Rising rents a trap harder to escape

AMANDA BEST
Last updated 05:00 05/07/2012
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RENT TRAP: Although home building had picked up in some areas recently, it tended to be for owner-occupiers rather than investors, the survey showed.

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Rents are rising in almost every city, according to a new property management survey, and many people who have to rent are struggling to find a place to live.

First National Real Estate's quarterly survey measures vacancy rates, rent rate movement, and supply and demand among property managers in its group.

First National general manager Colleen Milne said the shortage of property and rise in rent was due to a lack of investment and construction of new homes, which she blamed on the cost.

Although home building had picked up in some areas recently, it has tended to be for owner-occupiers rather than investors, the survey showed.

"Rent prices continue to increase across the country, particularly in Auckland and Christchurch," Milne said.

"The lack of affordability for first-home buyers with families may result in many families being unable to climb out of the rental cycle into home ownership."

Across New Zealand, almost half of First National property management offices said rents were higher than they were a year ago. Families were the most active demographic searching for a rental property, followed by young professionals, the survey showed.

But Quinovic Property Management Viaduct manager David Graham said that although demand for rental properties during the summer was high and rents went up, winter had brought lowered demand and, as a result, lower prices.

"There is some demand, but it really depends on the size and quality of the house."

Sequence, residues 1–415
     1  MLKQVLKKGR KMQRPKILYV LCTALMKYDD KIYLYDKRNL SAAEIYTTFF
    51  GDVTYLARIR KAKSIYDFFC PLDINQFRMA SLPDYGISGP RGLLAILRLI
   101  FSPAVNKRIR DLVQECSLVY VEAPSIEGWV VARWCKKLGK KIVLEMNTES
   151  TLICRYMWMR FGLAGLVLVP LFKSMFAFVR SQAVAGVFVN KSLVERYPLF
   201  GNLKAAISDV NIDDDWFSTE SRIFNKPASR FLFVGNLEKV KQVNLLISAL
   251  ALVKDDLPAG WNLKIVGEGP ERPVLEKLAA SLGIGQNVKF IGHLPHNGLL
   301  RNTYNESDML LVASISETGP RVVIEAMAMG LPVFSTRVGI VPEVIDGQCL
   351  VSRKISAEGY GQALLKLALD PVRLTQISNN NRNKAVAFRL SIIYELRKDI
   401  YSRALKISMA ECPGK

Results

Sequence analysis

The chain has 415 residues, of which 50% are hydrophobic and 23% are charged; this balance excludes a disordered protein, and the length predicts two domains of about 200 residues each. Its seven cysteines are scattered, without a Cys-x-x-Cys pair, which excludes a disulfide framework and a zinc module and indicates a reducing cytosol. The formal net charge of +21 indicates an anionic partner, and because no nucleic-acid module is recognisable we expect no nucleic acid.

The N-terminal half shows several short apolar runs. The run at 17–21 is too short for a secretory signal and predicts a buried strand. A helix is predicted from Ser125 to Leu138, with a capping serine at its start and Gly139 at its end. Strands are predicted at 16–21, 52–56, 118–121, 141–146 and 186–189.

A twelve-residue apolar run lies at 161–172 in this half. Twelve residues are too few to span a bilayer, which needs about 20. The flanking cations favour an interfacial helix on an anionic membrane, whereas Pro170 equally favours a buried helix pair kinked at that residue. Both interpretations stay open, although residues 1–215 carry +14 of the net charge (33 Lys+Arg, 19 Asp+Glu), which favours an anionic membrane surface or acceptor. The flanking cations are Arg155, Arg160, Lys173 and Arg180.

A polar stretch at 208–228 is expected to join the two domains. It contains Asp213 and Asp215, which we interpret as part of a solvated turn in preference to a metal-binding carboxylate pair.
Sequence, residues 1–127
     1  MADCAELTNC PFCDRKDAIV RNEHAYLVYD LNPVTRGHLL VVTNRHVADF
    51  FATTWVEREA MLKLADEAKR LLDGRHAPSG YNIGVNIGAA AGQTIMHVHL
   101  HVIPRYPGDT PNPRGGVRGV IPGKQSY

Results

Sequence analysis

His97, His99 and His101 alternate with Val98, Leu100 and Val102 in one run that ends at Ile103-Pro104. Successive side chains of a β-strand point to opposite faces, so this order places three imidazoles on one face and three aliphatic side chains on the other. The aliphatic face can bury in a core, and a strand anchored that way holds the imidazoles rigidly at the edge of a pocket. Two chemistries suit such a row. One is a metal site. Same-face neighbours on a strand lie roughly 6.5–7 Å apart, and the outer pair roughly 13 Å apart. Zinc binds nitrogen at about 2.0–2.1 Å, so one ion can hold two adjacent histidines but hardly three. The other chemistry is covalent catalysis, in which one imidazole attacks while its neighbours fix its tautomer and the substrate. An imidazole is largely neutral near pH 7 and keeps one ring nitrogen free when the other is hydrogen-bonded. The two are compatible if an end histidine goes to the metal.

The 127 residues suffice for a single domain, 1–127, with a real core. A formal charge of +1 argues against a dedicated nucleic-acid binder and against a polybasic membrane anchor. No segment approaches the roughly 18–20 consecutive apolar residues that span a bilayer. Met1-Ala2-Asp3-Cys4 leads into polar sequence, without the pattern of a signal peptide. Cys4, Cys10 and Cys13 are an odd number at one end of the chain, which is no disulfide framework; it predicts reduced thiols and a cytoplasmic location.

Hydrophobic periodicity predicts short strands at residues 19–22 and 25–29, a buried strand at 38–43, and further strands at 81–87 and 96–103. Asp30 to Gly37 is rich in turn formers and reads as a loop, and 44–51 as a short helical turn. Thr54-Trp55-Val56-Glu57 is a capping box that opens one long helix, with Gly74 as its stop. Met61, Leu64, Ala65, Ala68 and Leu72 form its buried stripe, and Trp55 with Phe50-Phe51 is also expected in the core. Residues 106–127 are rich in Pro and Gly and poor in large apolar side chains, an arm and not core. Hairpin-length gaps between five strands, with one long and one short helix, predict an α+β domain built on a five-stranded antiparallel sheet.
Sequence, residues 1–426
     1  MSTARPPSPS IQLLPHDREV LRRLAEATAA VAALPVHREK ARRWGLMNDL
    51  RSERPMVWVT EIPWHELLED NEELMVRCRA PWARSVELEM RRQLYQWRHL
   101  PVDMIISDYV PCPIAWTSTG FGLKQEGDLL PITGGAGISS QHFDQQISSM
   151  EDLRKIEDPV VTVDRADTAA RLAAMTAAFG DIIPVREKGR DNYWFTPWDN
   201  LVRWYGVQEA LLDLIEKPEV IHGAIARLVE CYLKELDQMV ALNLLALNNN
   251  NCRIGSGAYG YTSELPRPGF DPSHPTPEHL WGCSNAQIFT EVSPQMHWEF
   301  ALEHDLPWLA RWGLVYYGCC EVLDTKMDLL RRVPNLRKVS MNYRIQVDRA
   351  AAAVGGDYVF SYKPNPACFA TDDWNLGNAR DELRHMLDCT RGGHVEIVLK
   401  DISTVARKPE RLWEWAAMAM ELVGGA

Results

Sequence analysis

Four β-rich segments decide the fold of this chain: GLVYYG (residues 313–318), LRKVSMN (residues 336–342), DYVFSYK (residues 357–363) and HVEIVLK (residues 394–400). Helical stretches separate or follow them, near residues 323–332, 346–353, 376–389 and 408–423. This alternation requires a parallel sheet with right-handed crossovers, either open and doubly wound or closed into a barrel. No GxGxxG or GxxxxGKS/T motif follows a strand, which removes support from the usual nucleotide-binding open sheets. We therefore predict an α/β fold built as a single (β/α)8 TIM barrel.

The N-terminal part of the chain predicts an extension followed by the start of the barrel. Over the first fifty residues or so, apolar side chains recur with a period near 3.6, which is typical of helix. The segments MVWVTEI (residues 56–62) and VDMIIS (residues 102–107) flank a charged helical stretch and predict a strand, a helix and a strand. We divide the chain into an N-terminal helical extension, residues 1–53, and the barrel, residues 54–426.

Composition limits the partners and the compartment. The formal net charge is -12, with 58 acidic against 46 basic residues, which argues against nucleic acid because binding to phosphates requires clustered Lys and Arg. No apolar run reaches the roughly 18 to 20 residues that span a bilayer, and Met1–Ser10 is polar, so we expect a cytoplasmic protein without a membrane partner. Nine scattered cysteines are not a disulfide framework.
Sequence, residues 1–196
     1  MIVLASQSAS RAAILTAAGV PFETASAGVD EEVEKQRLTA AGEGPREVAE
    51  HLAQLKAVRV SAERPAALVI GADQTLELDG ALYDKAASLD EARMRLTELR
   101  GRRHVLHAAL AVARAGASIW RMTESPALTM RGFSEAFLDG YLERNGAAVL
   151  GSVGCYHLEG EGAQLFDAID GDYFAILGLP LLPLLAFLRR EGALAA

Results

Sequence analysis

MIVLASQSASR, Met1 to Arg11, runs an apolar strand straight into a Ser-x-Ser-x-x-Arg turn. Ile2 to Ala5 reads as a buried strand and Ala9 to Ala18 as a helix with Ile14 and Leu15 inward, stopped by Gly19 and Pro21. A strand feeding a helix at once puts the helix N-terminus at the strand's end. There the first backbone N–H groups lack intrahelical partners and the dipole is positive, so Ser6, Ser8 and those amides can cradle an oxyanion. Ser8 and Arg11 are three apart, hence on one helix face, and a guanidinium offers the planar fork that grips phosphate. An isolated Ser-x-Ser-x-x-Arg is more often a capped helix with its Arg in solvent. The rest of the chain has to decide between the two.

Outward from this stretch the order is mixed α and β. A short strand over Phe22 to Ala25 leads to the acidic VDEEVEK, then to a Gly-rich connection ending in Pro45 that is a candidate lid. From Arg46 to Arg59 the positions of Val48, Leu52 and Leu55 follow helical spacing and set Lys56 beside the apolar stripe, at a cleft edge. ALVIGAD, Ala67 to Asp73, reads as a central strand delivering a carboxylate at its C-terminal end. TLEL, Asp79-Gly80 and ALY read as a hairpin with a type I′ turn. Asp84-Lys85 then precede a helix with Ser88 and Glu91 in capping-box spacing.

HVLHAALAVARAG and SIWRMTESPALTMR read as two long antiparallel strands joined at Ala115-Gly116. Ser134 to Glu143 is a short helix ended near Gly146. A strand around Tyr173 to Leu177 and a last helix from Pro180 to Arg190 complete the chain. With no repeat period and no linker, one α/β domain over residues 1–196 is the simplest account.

Crockers Property marketing manager Kim Sinclair said some properties were sitting empty.

"People are being a lot choosier about where they rent," she said.

The landlords she had spoken to said they would not be raising rent any higher than necessary to cover rates increases, because they had good tenants they would not want to lose.

Auckland was the most expensive place to rent, according to the First National survey. Studio apartments averaged $225 a week and three and four-bedroom houses $402 and $468.

Department of Building and Housing figures for December 1, 2011, till May 31 show the average rent in New Zealand for a three-bedroom house is $350. The same type of property in Auckland suburbs such as St Lukes, Mt Eden and Three Kings costs an average rent of more than $500.

The areas of the country with more affordable rent often had limited work opportunities, which meant people spent more time commuting, said Milne.

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Taranaki had the lowest average rent in the survey for a three bedroom house, at $266 per week.

Christchurch rent prices have increased more than 11 per cent since May 2011, as a result of the earthquakes and the slow pace of rebuilding, DBH information shows.

The department report showed Wellington rents averaged $404 in May this year, almost unchanged from April, but up 5.9 per cent on May last year. Wellington rents were expected to flatten in coming months.

- BusinessDay.co.nz

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